The gloom has not been restricted to the stock market. The bond market has been hit even harder. With interest rates near record levels despite a substantial slowdown in the rate of inflation, bond buyers have deserted the market. Even now, when interest rates seem to have started to subside, there is no rush to lock in high yields by buying 25 and 30-year bonds.
"Bond buyers are living in the shadow of total devastation. They've seen rates go down before, bet that they would continue to go down and bought bonds. Then those rates have soared again. The poeple who buy bonds just aren't willing to make any bets," said a top executive at a major Wall Street brokerage house.
The crisis in the stock and bond markets has brought acerbic criticism from administration officials and allies. Recently, Senate Majority Leader Howard Baker (R-Tenn.) accused Wall Street of conspiring to keep interest rates high and warned that Congress might impose credit controls, although Reagan has disavowed any intention of doing so.
The heat from Washington disturbs securities industry executives, who feel they are getting a bum rap. Millions of investors, not brokerage officials, set stock and bond prices, they point out.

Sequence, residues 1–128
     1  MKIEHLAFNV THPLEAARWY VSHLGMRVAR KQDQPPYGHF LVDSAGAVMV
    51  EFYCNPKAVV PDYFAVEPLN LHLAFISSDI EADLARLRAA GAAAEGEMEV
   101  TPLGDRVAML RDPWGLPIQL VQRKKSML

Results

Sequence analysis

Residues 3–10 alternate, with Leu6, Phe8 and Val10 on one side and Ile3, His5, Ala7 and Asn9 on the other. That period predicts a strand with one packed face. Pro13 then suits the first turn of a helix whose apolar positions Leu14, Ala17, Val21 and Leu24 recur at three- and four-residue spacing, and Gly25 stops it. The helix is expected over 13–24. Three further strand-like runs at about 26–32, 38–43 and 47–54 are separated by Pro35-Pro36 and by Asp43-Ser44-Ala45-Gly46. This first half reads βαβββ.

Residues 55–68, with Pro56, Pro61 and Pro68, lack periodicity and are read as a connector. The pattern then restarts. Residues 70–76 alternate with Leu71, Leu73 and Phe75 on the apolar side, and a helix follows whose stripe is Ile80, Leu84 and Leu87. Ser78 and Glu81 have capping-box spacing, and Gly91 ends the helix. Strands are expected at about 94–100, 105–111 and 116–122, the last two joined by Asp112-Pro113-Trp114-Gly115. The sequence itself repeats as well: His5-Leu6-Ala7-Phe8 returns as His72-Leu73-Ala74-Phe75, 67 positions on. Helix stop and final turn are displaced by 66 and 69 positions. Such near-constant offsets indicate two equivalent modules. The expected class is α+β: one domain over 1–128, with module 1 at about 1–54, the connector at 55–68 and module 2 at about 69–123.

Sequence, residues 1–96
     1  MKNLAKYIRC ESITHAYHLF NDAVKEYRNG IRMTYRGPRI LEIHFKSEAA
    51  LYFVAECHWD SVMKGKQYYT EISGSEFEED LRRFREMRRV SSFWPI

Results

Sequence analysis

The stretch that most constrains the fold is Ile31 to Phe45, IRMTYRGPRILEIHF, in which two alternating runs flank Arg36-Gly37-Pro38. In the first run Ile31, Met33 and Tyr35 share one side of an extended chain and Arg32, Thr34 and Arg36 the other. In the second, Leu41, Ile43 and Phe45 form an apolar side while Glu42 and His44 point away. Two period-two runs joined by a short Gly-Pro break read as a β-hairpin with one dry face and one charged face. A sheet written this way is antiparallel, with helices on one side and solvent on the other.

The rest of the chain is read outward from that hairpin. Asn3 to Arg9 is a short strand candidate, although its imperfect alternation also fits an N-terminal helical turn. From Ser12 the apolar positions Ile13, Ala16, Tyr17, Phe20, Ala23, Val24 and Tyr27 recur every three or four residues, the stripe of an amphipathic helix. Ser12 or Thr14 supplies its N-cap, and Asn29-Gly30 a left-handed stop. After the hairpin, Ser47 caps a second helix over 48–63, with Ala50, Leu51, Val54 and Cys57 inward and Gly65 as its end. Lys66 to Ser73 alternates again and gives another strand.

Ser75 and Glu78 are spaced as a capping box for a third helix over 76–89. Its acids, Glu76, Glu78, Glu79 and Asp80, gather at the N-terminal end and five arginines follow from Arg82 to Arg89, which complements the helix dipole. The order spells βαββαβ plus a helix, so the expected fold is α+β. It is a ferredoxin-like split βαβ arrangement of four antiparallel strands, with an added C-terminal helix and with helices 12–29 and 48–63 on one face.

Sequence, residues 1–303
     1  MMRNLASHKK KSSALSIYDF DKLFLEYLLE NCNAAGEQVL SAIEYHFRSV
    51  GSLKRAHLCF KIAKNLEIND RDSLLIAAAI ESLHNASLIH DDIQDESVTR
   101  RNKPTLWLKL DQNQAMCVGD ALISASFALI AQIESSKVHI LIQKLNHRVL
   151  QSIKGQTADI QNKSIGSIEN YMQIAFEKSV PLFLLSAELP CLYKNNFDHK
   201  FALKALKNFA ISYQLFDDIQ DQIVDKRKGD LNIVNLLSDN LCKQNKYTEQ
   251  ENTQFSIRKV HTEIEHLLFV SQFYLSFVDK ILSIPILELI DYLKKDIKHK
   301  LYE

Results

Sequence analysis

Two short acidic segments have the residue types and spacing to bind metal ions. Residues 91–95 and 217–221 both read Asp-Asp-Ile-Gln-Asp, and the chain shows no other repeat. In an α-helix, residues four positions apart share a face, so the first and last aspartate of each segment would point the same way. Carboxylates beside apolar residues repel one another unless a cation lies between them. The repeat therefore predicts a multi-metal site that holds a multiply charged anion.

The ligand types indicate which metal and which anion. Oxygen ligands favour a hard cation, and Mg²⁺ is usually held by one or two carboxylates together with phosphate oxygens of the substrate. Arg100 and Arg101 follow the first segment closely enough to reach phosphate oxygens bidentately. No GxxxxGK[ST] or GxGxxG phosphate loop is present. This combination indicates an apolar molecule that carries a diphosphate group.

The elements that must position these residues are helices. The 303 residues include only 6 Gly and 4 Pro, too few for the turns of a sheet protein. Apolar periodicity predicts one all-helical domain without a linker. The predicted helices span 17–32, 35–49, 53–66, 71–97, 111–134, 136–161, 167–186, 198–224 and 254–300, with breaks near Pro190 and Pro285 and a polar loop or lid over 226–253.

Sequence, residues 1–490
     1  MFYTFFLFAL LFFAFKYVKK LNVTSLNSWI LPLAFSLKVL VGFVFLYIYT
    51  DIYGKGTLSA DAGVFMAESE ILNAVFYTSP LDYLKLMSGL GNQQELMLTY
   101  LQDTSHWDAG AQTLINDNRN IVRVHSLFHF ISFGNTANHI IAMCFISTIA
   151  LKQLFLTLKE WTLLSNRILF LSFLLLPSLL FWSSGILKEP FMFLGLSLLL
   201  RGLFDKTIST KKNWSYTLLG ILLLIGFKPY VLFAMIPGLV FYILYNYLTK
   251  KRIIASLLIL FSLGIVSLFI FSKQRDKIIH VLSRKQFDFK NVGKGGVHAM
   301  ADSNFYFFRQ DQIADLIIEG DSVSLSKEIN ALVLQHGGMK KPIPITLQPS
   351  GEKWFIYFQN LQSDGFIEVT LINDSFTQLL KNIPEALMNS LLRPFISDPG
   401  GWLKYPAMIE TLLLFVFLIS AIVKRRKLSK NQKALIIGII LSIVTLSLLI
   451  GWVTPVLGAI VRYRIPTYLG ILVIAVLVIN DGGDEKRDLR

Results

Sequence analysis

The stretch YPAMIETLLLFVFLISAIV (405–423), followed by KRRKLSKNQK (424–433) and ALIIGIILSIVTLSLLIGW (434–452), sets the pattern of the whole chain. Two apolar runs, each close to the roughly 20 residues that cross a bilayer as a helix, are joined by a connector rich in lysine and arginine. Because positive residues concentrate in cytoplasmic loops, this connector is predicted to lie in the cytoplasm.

Last week, the executive board of the Securities Industry Association, the trade association for brokers and investment bankers, wrote Reagan to make peace.
"We can assure you that the thrust of your economic program -- reduced federal spending, major tax reductions for business and individuals, business deregulation and slow but steady growth in the money supply -- enjoys overwhelming support in the stock brokerage and investment banking community," the trade association's 36-member board wrote.
"Just as it will take time for this program to achieve its goals, it also will take time for the millions of investors whose multiple concerns and perceptions determine stock and bond prices to recognize the fundamental changes in economic policy you have set in motion," they wrote.